Chinese Materia Medica illustration, Ming: Oenanthe javanica
- Wang Shichang et al. (Ming period, 1368-1644)
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About this work
Traced copy of an illustration from Bencao pinhui jingyao (Materia Medica Containing Essential and Important Material Arranged in Systematic Order, completed 1505), in red and black ink. In 1503, the Ming emperor Li Zong put imperial physician Liu Wentai in charge of compiling a new herbal (bencao). The resulting work, which ran to 42 volumes, contained entries on 1815 pharmaceutical plants and other substances, with 1358 full-colour illustrations by artists including Wang Shichang. It was completed in the spring of 1505. However, in the summer of that year, The Emperor contracted a fever, which unsuccessfully treated by Liu Wentai, proved fatal. As a result Liu Wentai was banished from court, and the herbal was not allowed to be engraved or published. The original manuscript was preserved in the imperial palace, where only a select few officials were allowed to consult or copy it. The exemplar held in the Library of the China Academy of Traditional Chinese Medicine) is a traced facsimile made in the Ming (1368-1644) period by an unknown hand. This is a botanical illustration of Oenanthe javanica (shuiying) showing the appearance of the plant. Bencao pinhui jingyao states: Oenanthe javanica is first cited as a medicinal substance in Bencao tujing (Illustrated Pharmaceutical Classic). Oenanthe javanica grows in boggy soil or shallow water. The entire plant is used for medicinal purposes. It is bitter in sapor and cold in nature. It has the effect of clearing heat and removing damp; promoting diuresis and relieving swellings. It can be used to treat swollen feet and stiff knees, difficulty bending and stretching the limbs, aches and muscular constriction (juluan), etc.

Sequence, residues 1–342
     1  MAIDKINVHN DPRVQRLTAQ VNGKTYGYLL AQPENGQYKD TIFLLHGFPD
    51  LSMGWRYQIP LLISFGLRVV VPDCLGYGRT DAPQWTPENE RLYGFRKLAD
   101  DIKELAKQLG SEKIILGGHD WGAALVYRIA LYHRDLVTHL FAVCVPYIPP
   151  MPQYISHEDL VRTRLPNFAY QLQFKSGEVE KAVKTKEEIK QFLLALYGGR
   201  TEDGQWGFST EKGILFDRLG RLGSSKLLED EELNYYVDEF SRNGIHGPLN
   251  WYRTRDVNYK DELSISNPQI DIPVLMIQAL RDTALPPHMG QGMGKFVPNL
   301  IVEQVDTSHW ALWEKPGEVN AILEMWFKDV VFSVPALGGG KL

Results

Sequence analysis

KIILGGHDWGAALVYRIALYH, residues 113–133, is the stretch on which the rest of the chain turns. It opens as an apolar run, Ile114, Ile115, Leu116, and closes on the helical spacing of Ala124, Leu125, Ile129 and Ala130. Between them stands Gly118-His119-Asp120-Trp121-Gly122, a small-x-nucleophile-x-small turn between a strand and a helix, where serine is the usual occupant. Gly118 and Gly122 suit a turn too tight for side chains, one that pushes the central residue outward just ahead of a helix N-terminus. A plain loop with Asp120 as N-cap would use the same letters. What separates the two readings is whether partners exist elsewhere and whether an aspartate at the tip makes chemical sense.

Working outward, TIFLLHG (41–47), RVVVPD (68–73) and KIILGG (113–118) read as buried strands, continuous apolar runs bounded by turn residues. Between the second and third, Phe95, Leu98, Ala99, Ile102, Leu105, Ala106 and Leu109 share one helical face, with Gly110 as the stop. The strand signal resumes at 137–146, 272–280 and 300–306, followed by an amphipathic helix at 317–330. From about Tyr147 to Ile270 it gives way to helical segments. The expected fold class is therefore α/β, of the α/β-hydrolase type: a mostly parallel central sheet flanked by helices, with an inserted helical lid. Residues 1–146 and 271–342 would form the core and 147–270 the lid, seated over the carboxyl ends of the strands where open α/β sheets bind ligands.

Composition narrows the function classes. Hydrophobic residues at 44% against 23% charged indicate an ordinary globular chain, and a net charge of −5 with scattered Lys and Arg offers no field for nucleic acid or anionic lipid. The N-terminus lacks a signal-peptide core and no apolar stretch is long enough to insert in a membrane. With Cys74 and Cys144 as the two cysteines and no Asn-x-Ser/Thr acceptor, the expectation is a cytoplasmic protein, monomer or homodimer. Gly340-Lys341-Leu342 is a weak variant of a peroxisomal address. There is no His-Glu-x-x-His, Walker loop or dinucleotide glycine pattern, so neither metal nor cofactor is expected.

Shuiying (Oenanthe javanica)